By Naomi Mihara, Jessica Abrahams
Each year, about 15 million girls are married as minors around the world. Widely known as “child marriage,” campaigners say the practice puts girls at increased risk of violence and abuse, and impacts their health and education. Eliminating it is a target of Sustainable Development Goal 5.3.
But some activists argue that the term “child marriage” fails to adequately describe the issue, and that the development community should work to find a new term to help reframe our understanding of it.
The African Union’s Goodwill Ambassador on Ending Child Marriage Nyaradzayi Gumbonzvanda has long made the case for this, telling the United Nations General Assembly in 2014 that child marriage is “sexual abuse” and that “by calling it ‘marriage,’ we’re giving it legality and social and moral acceptance.”
In a conversation with Devex, Jacqui Hunt, Europe director of Equality Now, agreed that “the term ‘marriage’ is really very problematic.”
But others argue that the term benefits from widespread acceptance, which helps when mediating between different groups and working in varied contexts.
The debate is part of a trend within global development to question how our choice of language can frame our understanding of an issue, and the way that it’s perceived by communities — particularly when it comes to issues heavily rooted in social norms or public perception, such as the recent debate around the use of the terms “refugee” and “migrant.”
Lakshmi Sundaram, executive director of Girls Not Brides, told Devex that “child brides tend to be under intense pressure to have children often and early,” and that as young mothers they are more likely to suffer severe health consequences from pregnancy and childbirth. She added that child brides are typically pulled out of school early and are sometimes removed from their family networks.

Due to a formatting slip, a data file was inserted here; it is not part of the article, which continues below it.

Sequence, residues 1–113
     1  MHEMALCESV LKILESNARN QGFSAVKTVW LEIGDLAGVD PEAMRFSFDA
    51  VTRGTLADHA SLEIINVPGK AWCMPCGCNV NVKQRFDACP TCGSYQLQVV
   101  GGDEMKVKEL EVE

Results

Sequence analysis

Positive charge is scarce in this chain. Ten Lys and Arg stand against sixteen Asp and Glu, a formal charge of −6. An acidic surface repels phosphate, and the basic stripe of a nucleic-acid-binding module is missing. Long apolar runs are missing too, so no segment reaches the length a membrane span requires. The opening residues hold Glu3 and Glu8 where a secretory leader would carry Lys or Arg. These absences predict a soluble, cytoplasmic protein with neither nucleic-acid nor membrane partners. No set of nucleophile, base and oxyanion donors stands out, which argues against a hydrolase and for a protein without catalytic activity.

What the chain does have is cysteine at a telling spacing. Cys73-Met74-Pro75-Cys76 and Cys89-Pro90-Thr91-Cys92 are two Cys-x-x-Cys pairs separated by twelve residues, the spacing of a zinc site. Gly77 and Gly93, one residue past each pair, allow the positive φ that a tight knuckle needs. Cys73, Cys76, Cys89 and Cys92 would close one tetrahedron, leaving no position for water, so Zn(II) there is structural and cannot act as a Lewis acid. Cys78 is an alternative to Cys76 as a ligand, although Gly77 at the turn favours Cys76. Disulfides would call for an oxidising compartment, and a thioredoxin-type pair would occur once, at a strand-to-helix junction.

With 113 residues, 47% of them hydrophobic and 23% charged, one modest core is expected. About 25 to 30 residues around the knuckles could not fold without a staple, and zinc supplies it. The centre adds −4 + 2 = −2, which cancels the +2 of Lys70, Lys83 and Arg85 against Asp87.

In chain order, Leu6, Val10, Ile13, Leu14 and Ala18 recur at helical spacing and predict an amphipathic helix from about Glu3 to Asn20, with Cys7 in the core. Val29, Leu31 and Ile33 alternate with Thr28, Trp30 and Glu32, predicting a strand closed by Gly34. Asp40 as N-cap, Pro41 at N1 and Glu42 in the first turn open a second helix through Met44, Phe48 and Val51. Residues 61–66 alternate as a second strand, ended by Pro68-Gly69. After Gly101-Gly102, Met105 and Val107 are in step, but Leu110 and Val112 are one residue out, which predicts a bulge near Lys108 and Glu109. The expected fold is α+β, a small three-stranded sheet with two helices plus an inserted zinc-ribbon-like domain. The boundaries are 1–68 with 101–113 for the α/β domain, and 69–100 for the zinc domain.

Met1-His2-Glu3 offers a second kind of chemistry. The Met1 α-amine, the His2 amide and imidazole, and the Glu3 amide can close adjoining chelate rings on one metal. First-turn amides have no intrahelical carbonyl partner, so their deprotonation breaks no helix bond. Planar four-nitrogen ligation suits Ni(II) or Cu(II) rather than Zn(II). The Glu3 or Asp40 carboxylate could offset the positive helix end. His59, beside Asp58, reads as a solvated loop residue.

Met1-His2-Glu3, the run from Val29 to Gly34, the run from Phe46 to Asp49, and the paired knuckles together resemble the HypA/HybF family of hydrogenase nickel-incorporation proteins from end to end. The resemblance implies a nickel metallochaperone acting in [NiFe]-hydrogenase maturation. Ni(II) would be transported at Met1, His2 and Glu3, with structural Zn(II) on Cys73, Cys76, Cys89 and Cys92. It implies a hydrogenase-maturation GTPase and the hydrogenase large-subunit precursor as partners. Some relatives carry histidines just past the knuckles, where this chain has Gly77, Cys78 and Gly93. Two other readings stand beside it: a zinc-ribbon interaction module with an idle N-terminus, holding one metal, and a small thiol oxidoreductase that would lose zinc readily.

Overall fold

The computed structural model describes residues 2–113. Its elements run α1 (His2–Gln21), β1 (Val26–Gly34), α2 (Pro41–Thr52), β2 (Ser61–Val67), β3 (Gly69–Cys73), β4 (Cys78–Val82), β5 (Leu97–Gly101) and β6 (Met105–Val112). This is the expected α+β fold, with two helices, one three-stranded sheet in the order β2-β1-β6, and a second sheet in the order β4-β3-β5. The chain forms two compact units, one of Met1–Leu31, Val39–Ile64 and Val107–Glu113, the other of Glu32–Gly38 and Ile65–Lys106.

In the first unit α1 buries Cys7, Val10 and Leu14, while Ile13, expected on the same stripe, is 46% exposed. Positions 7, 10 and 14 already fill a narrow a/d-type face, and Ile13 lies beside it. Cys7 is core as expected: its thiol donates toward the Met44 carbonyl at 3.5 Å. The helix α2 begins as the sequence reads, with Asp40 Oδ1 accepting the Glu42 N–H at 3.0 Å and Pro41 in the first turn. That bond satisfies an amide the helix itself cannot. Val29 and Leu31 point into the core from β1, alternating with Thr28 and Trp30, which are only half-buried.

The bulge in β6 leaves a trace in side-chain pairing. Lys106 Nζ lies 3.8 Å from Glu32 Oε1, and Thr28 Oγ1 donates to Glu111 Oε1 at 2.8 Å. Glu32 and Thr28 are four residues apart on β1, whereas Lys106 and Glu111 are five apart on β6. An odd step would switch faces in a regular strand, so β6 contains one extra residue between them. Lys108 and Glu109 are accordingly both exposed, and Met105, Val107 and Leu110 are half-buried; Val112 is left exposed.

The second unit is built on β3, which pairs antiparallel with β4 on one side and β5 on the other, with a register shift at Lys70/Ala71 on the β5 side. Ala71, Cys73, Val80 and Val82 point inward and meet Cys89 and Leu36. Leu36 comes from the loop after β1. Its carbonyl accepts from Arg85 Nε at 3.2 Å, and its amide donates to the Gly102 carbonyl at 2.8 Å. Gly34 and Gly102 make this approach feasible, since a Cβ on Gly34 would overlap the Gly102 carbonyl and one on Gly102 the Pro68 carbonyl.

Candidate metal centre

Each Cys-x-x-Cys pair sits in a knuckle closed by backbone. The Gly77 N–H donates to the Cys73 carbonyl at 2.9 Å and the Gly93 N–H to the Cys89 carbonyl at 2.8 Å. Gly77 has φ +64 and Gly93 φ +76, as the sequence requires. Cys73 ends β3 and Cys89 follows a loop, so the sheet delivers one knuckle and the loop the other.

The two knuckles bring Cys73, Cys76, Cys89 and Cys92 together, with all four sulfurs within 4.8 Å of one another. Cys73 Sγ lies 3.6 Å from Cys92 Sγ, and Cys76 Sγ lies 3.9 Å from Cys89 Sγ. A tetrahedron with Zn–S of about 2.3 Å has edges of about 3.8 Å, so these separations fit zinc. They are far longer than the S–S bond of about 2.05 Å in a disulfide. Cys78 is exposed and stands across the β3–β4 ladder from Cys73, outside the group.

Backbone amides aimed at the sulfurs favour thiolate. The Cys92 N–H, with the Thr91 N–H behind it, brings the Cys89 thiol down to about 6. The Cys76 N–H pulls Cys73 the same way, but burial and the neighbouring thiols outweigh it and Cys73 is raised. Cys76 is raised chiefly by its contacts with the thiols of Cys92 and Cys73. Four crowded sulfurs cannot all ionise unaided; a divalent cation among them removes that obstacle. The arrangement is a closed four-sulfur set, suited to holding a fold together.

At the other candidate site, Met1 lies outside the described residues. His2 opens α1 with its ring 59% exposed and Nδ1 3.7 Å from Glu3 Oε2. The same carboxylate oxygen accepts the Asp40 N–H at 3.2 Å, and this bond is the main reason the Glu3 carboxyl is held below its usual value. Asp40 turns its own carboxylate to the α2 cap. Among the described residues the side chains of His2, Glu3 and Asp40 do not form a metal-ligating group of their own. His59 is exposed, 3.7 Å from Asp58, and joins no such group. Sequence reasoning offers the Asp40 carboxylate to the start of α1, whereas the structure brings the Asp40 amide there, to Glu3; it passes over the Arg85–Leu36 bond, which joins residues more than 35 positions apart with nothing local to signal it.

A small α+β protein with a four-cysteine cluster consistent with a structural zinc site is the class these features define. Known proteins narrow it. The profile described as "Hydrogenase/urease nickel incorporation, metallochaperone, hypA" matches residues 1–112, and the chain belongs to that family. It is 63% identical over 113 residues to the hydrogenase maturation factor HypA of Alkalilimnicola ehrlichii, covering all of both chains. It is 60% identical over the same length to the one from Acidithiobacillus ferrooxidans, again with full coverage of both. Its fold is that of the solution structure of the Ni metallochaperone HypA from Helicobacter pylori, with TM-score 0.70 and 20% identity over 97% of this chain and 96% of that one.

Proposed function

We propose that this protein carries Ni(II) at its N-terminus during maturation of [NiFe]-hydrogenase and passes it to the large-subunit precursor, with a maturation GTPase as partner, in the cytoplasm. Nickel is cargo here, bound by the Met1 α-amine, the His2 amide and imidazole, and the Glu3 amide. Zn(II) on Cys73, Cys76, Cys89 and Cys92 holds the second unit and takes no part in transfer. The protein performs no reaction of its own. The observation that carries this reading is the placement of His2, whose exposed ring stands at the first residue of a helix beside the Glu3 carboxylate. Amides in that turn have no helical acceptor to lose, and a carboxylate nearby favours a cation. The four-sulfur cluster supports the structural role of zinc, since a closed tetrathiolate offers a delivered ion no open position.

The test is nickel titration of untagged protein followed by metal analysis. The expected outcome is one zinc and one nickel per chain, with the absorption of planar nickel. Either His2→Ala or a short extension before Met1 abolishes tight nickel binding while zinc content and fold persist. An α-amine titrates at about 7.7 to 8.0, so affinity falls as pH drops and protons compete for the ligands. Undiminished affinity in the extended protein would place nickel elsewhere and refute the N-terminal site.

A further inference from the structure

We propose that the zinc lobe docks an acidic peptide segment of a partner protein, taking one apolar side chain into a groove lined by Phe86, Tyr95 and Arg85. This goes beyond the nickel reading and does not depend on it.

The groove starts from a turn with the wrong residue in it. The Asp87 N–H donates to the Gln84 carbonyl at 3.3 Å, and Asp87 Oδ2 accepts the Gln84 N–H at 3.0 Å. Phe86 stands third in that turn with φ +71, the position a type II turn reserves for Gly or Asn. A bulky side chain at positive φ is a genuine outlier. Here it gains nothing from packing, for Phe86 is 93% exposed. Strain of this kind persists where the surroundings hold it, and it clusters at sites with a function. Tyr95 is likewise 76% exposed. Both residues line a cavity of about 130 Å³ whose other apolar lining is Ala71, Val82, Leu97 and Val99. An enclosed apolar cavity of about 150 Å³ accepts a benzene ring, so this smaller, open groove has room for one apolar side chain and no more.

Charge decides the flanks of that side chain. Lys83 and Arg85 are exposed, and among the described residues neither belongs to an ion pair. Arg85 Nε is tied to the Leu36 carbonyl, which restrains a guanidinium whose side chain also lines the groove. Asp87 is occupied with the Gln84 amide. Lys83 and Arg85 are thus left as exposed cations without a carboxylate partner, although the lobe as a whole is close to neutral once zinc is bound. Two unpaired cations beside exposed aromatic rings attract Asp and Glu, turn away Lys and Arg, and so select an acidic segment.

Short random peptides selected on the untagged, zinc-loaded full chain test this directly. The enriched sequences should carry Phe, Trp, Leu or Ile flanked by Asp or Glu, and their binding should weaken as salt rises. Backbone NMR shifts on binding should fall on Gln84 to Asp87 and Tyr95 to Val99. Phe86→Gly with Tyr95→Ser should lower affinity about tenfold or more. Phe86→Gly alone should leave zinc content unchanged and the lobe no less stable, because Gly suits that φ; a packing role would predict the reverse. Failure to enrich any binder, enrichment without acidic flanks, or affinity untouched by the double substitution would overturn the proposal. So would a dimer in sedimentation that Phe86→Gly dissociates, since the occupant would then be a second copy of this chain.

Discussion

The ability to give full, free and informed consent to marriage as a minor is also an issue. In recent times, some groups have started to frame child marriage under certain circumstances as a form of modern slavery.
While some activists argue that “child marriage” does not adequately capture the rights violations involved, they also acknowledge the difficulties in finding a new term.
Sundaram suggested that finding the right language might differ depending on the context of a discussion or communication.
Published on Devex's website on May 12, 2017.
The Convention on the Rights of the Child sets out the rights that must be realized for children to develop their full potential, free from hunger and want, neglect and abuse. It reflects a new vision of the child. Children are neither the property of their parents nor are they helpless objects of charity. They are human beings and are the subject of their own rights. The Convention offers a vision of the child as an individual and as a member of a family and community, with rights and responsibilities appropriate to his or her age and stage of development. By recognizing children's rights in this way, the Convention firmly sets the focus on the whole child.